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TV Series Review

The Shady Meadows Retirement Community looks nice enough from the sidewalk. But step inside, and you will never find a more wretched hive of scum and villainy. Not until you come across the nearest high school, that is.

Truth is, Shady Meadows feels a lot like high school. Oh, sure, no one frets over upcoming SAT exams or makes fun of Mrs. Milligan's gray hair. Most folks have gray hair here—if they have hair at all—and the only tests these folks need worry about are colonoscopies.

Still, despite the advanced age of most of its residents, maturity is in short supply in this retirement community. Romance blossoms, sex is had, and cliques are fully enforced. In this Fox sitcom, Shady Meadows is a lot like high school, only worse: After all, the cats in this place can get legally drunk anytime they want.

The Breakfast Flub

If Shady Meadows had a homecoming court, Hank Henderson might be its king. He certainly treated the place like his own geriatric kingdom for a time, complete with his own small band of subjects, namely hazy ex-hippie Charlie and the aggressively effeminate Sid.

But that was before a girl, Margaret, horned into the boys-only clique, taking a chair vacated by someone newly departed (i.e. dead). Hank didn't like Margaret's presumption one little bit. But after a territorial scuffle or two, Margaret was accepted as one of the titular "cool kids," perhaps because all parties involved realized that they're edging closer to true coolness all the time: room temperature coolness, that is.

AA Argh P

The Cool Kids feels like a callback to NBC's beloved sitcom The Golden Girls, wherein four Florida retirees spent seven seasons living and wisecracking together. The show was a rarity in the youth-centric 1980s and '90s, when the 18-49 demographic was the only crowd that mattered. The only time you saw someone on TV over the age of 50 was during arthritis commercials. The show was a hit, and it continues to boast truckloads of fans. The Golden Girls—which retired in 1992 and is now quite geriatric itself—even just spawned its own breakfast cereal. But I digress.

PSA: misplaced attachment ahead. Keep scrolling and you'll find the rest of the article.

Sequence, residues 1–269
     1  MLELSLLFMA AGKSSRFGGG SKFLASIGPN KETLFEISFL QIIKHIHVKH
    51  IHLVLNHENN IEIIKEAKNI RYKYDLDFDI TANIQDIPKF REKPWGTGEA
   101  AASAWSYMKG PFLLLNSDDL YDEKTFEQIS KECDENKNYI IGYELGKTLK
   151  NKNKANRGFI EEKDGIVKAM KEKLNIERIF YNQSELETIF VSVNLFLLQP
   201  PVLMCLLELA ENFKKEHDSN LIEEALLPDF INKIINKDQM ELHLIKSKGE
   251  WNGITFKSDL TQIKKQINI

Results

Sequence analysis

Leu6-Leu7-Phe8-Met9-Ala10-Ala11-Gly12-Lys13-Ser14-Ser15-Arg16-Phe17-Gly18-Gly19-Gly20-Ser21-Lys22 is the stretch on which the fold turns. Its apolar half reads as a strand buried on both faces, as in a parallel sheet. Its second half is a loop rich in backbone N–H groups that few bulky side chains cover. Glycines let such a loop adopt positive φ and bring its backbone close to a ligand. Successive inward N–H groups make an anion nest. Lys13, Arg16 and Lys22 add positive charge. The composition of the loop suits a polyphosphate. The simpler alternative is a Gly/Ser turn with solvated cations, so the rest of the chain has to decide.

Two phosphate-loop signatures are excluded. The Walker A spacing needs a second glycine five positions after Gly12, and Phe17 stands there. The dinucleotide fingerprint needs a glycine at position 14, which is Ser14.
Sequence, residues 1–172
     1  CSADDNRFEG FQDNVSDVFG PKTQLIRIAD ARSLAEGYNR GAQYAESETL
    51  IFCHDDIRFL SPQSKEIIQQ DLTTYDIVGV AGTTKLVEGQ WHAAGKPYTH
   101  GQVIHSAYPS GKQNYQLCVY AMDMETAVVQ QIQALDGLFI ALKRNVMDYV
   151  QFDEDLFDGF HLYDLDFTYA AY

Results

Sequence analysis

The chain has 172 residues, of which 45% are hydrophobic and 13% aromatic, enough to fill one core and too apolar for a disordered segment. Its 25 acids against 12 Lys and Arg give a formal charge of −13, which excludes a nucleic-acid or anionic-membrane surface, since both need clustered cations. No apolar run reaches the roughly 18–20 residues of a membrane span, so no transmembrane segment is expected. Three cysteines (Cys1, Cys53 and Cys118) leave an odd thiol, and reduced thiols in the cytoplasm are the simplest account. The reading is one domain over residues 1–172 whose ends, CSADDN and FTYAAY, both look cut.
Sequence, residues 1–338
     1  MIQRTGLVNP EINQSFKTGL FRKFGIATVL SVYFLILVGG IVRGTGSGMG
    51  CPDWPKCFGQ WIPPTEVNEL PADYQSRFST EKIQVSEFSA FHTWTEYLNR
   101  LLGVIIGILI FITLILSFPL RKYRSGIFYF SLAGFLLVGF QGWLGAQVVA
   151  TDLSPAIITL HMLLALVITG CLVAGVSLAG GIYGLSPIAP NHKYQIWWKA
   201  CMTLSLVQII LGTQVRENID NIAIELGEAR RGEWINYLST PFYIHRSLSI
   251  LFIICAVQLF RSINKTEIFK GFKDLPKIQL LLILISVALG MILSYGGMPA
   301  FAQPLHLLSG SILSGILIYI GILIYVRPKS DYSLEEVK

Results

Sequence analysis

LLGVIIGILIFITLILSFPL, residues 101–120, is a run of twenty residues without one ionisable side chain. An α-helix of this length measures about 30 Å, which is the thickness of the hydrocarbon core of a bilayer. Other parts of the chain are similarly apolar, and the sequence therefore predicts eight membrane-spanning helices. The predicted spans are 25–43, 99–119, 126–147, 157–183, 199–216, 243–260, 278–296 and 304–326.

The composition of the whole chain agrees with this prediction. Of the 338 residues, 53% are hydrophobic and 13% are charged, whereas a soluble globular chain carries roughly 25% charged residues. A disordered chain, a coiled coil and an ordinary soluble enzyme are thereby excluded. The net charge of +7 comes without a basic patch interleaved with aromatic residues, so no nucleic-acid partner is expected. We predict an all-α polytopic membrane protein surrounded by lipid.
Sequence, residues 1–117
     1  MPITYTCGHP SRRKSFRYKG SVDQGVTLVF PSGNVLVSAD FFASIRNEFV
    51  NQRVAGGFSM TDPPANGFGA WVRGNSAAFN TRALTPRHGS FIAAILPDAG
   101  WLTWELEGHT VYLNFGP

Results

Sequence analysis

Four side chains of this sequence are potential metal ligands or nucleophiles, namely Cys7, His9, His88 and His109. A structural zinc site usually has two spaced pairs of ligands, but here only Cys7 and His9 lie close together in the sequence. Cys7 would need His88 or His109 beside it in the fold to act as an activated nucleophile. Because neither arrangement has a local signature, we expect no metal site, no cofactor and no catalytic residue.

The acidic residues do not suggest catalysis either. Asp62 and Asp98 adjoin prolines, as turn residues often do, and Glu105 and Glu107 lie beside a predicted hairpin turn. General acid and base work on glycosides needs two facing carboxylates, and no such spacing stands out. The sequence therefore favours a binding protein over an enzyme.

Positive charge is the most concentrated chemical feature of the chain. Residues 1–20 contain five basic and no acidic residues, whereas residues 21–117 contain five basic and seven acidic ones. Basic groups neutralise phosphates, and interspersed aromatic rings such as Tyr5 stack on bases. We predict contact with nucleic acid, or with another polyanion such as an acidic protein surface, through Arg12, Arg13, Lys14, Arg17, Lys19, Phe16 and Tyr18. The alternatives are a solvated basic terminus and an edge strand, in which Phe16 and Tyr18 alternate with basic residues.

Given that folks who watch network television are getting older all the time (40% of television viewers are now over the age of 65), it was only a matter of time before some enterprising television executives dusted off The Golden Girls template and gave it another try.

Enter The Cool Kids—a show that, like The Golden Girls, dares suggest that life doesn't end when Social Security checks start landing in your mailbox.

Alas, the similarities don't end there.

The Golden Girls was a funny show about life and friendship and all that stuff. But it focused an extraordinary amount of attention on the love lives of its characters—particularly oversexed Blanche. Sex also seems to be a focus of The Cool Kids, which gives the whole show something of an alarmingly prurient vibe. (It's telling that while most sitcoms land comfortably in the TV-PG ratings grid, The Cool Kids earns a slightly more restrictive TV-14 rating.)

Language can be pretty troublesome, too, as can be the drinking and sly references to drug use. Moreover, Fox's show also lacks two critical elements that The Golden Girls had in spades: great writing and a good heart. The Cool Kids sometimes feels like it's just going through the motions.

"They're growing old, not growing up," Fox's trailer for the show proudly trumpets. Someone should remind the network that growing up has its perks, too.

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Additional Comments/Notes

Episode Reviews

Jan. 4, 2019: "Funeral Crashers"



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David Alan Grier as Hank Henderson; Martin Mull as Charlie; Leslie Jordan as Sid Delacroix; Vicki Lawrence as Margaret






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Paul Asay

We hope this review was both interesting and useful. Please share it with family and friends who would benefit from it as well.

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